How to Lead an IT Team: 5 Tips

The most difficult part of being a leader is keeping balance between being a team member and managing. The five tips below may help you with that.




A lot of new CTOs or team leaders have problems with combining the roles of member of a team and leader of a team. They tend to forget about the “boring” management part or forget how to code.

On one hand, you’re organizing, hackathons, meet-ups and other parties, but on the other, you’re responsible for code assessment, keeping hiring morale high, contacting clients and many, many more!

The most difficult part of being a leader is keeping balance. Read this article to learn 5 tips that will help you lead your IT team.

#1 Communication

You have to be a great communicator and follow the flow of information from different departments. You’ll be speaking in front of and to various audiences. Can you talk about technology to non-technical audiences? Or explain business decisions to developers?

Understand what other teams are doing and be able to explain the role of technology to various people. It is more than just communicating technical decisions – you have to explain why certain ideas cannot be implemented or why some features aren’t a good choice for the company.

It also requires great listening skills! Listen to people’s needs, business requirements, and doubts.

Try to understand your developers’ challenges. Always provide support and solutions if you want to build a successful company!

Take Ben Horowitz’s words seriously:

As a company grows, communication becomes its biggest challenge - Ben Horowitz.

#2 Technical know-how

In many cases, CTOs started as engineers or developers. First, they were coding and learning about management. That’s important because they have the technical skills built-in somewhat. Leading an IT team requires a good understanding of tech.

To make the right decisions, you have to understand on what and how your team is working. What are the tools and components to start and deploy a project? What comes into play while building an app?

You have to grasp the whole ecosystem of your company. Technical skills are really helpful in doing your job and earning the team’s credibility.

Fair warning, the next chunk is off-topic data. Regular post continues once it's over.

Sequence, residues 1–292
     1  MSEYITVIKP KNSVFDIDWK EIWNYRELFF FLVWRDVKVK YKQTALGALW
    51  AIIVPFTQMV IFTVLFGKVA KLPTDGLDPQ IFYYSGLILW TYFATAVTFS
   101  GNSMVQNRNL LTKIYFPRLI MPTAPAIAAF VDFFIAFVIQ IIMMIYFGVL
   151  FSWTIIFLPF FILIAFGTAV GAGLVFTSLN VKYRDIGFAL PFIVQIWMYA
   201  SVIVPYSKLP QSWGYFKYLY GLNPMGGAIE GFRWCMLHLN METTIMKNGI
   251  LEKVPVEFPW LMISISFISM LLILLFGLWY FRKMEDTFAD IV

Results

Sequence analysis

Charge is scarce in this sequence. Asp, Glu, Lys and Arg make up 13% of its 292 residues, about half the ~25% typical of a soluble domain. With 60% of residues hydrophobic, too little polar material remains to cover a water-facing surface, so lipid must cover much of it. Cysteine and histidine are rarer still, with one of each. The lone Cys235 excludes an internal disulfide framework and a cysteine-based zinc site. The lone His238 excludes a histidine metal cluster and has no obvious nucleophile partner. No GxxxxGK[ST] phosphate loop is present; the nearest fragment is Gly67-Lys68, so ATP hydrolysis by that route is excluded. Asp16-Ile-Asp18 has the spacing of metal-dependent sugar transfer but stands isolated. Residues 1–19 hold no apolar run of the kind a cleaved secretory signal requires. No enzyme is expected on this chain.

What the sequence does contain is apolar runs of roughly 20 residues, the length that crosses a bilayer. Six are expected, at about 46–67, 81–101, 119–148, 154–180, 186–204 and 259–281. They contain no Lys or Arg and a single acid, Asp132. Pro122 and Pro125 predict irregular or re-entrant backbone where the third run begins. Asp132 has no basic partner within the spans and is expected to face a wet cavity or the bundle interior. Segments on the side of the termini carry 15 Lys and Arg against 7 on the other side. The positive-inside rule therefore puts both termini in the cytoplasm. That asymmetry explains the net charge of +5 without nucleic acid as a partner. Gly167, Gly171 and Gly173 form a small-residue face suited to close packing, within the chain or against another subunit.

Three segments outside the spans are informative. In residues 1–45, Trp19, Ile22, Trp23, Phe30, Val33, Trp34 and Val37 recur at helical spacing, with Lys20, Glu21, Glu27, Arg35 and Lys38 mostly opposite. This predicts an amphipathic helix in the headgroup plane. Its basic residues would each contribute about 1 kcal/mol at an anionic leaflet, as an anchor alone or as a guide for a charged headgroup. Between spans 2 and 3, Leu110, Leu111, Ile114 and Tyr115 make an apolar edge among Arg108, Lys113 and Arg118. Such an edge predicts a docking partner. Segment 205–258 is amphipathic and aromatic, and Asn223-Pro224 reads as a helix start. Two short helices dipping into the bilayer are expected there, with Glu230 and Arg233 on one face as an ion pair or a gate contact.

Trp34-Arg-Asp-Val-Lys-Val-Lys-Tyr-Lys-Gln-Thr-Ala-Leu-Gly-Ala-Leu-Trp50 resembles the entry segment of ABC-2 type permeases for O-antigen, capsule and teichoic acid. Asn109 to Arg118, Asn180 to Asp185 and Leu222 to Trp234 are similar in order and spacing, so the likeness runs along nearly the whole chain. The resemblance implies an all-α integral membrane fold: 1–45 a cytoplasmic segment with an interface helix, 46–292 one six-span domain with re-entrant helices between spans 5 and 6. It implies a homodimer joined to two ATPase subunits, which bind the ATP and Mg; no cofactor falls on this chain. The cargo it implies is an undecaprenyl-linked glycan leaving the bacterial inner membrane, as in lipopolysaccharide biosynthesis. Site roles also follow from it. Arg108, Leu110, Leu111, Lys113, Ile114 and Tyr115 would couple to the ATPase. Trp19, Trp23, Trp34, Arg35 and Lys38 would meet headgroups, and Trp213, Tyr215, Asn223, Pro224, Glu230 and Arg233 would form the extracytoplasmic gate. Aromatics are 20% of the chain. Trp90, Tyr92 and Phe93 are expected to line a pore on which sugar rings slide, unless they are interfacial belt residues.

#3 Appetite for knowledge

To grow, you have to be hungry for inspiring knowledge!

Do you know tech very well from your past experiences? Great – develop your managing skills then! Despite feeling comfortable in software engineering, try learning something new. Or maybe you’re lacking some technical knowledge? Try and brush up on the areas you feel weak in.

Remember to develop what you already know and follow tech trends. Read news, blogs, discussions on forums to learn what’s new. Open your mind to the newest solutions and think of ways to implement them in your products.

What’s more, encourage your team to learn & develop as well! The more knowledge within a company, the better! Let your developers carve out some time for reading tech news every day. It’ll boost creativity and inspire them to come up with new solutions!

Today, power is gained by sharing knowledge, not hoarding it. - Dharmesh Shah, HubSpot's Culture Code.
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#4 Have expectations

You should have clear expectations for your team and learn how to measure the team’s progress. Try to ask the team members about their approach to measuring effects! Ask for reports and encourage those who aren’t measuring their job’s effects to do so.


  • measuring things within your control,
  • letting devs self-measure,
  • letting devs define how and how often to measure their effects.

These methods not only make it possible to control the workflow but also work as a great empowerment. Measuring progress is rewarding for everybody!

#5 Give feedback

It’s good to speak about victories and failures with your team. Let people know if they’re doing great or bad at theirs. Let them also talk about things they’re proud of and about their worries. Also, remember to reward behavior and attitude aligned with the company’s values and goals.

What do you think about these ways of giving feedback:

  • monthly “shout outs” in a common area in the company
  • a success channel on Slack
  • short one-to-one meetings every 3 months

There are also a few rules to remember concerning feedback:

  • Try to replace “but” with “and” when you’re speaking about somebody’s work. This small difference means a lot.
  • Mention things and situations people can react on and change in the future.
  • Giving feedback is also strongly connected with receiving it. So be prepared for some criticism and some rewarding words from others.

To learn more about giving feedback check the post published by TechCrunch – “The Art Of Giving Feedback“.

Final word

Leading a team requires a lot of effort! You have to learn how to manage people, resources and time. We hope that you’ll give support and inspiration and get back the same good energy from your developers!

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Matt Warcholinski
COO & Co-Founder

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